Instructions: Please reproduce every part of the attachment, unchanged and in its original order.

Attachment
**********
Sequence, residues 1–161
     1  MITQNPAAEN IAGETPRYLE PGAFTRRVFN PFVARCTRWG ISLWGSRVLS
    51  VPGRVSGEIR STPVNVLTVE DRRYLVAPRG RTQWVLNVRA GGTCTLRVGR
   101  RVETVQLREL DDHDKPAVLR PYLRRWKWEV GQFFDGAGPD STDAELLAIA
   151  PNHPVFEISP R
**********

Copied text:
Sequence, residues 1–161
     1  MITQNPAAEN IAGETPRYLE PGAFTRRVFN PFVARCTRWG ISLWGSRVLS
    51  VPGRVSGEIR STPVNVLTVE DRRYLVAPRG RTQWVLNVRA GGTCTLRVGR
   101  RVETVQLREL DDHDKPAVLR PYLRRWKWEV GQFFDGAGPD STDAELLAIA
   151  PNHPVFEISP R